Michael McBride

On November 14, 1970, the Marshall Football team, less the freshmen and four starters, were killed in a plane crash while returning from an away game. It was my fourteenth birthday. The Detroit Free Press had a picture on the front page the next day of a helmet adorned with an “M” in the foreground, and the wreckage in the background. Its image forged into my memory by the unimaginable tragedy.

It is impossible to imagine a wound as deep as instantaneously removing seventy-five members of a community. It produces a scab so fragile that the wound itself is in jeopardy of remaining into perpetuity. It is a scab that is torn at by the simple living of life, by the fragilities the mind, and by the mere breathing of air. It is a pain that is deep and lingering. It produces sorrow, lethargy, apathy, confusion, listlessness, and bitterness. It is impossible to envision a time when such a wound may be healed.

Tragedy is a unique human experience. It is usually mortal and created by the unexpected. This combination of factors challenges the human spirit, which is what makes tragedy a classic literary form. It is a compelling human experience, yet it produces myriad of results…some sad, some compoundingly tragic, but sometimes tragedy produces glorious redemption, a strengthening of will, a shaping of character.

Such it is with the town of Huntington, West Virginia; Marshall University; and the Thundering Herd Football team. We Are Marshall is a powerful, yet gentle, retelling of their stories. It is a story of grief, of coaching, of personal growth, of overcoming challenges, of losing, of winning, and of football.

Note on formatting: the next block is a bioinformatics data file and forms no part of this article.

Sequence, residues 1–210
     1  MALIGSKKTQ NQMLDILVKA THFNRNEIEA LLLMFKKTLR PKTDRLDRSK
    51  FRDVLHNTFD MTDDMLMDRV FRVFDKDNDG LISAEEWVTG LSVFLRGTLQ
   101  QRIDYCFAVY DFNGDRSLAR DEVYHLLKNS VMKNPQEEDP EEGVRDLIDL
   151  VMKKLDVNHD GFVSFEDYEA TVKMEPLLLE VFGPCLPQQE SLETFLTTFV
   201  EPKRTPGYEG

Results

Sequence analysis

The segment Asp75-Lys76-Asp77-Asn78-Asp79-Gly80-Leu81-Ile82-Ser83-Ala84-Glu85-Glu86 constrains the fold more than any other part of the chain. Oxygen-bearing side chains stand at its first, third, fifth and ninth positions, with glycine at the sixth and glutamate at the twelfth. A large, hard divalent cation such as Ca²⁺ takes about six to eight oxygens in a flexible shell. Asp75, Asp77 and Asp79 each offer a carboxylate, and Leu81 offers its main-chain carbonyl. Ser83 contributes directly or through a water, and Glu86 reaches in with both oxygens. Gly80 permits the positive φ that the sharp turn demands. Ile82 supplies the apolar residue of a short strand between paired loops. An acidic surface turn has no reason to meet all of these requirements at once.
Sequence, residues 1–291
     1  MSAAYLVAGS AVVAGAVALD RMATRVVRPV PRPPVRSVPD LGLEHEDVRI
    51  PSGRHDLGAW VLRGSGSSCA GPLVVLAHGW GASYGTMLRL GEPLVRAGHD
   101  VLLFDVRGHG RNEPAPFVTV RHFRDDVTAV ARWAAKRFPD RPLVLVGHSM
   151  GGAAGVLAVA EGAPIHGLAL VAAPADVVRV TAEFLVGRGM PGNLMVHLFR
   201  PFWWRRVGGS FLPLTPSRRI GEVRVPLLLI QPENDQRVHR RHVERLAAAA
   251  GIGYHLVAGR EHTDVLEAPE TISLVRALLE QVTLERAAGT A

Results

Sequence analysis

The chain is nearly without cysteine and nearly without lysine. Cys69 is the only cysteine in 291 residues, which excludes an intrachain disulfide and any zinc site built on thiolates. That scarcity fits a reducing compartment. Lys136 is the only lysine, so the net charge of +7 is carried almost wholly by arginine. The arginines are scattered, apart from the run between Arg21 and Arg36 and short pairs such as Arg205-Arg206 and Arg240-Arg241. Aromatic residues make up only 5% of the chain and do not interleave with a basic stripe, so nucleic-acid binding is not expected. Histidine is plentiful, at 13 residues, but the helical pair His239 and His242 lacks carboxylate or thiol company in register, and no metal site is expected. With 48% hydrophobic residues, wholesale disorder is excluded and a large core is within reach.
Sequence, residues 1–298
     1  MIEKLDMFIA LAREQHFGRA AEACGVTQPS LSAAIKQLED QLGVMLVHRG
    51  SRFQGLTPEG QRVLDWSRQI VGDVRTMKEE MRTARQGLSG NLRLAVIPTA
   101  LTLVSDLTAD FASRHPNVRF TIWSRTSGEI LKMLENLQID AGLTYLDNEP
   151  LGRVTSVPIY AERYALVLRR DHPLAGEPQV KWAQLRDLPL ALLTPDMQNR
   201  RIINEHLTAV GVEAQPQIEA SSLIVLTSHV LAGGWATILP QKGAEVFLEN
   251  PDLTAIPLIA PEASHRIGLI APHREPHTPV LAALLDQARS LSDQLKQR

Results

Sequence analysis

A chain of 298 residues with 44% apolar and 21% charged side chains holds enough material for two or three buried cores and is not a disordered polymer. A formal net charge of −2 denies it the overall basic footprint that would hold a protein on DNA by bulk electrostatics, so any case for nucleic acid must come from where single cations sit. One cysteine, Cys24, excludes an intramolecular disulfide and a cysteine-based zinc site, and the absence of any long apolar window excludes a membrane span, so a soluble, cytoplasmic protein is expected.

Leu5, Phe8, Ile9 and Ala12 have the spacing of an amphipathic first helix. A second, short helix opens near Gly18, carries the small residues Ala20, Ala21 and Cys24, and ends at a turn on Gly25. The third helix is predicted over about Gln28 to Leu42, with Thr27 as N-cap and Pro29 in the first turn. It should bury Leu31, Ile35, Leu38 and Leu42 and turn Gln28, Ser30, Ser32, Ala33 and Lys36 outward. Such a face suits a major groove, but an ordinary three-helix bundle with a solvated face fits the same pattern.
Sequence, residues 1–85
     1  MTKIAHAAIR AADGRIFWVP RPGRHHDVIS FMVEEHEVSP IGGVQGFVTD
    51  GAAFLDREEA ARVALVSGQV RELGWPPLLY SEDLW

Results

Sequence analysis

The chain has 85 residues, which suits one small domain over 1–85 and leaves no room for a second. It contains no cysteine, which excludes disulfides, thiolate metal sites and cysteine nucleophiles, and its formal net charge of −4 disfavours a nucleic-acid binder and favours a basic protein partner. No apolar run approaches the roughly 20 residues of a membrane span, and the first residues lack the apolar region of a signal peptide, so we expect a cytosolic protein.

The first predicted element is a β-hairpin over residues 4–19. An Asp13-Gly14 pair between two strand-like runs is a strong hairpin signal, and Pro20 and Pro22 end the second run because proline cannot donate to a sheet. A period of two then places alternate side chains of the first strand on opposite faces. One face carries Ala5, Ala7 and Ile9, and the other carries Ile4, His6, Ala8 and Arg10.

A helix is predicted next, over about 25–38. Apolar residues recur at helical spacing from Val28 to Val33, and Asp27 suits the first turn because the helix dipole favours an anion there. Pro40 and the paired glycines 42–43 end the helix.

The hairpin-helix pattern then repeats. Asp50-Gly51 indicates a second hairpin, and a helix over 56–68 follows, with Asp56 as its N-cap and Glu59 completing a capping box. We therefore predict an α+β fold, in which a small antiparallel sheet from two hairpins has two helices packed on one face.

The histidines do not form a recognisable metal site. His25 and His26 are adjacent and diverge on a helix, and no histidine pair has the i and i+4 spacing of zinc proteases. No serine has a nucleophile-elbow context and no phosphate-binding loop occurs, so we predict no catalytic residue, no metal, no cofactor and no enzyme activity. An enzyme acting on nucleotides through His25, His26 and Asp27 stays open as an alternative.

I don’t pride myself in being a good movie critic. In fact, I am probably a lousy one. I get too caught up with the characters in most movies…I fail to notice artistic flaws, cinematography shortfalls, lack of avant-garde scene sculpting. I fail to notice the actors have the wrong accents, or that costumes are slightly out of sync with the period of the picture…I miss all that. But I don’t miss when a movie pulls me into its considerable substance. I don’t miss when a movie artfully exposes the nature of life, complete with its maddening unfairness. I don’t miss when a movie gently handles the fragile psyche of a town still in scab from a tragedy thirty-six years in the past, and shows us the glory of all things that make us human…our fragility, our toughness, our resiliency, and our indomitable spirit. I don’t miss that.

You shouldn’t miss We Are Marshall.

What you’ll find is a superb movie that puts you on the path, via football, to discover that We Are all Marshall.

Michael McBride

Michael E. McBride retired as a Major from the Marine Corps and blogs at http://www.mysandmen.blogspot.com.

Be the first to read Michael McBride's column. Sign up today and receive Townhall.com delivered each morning to your inbox.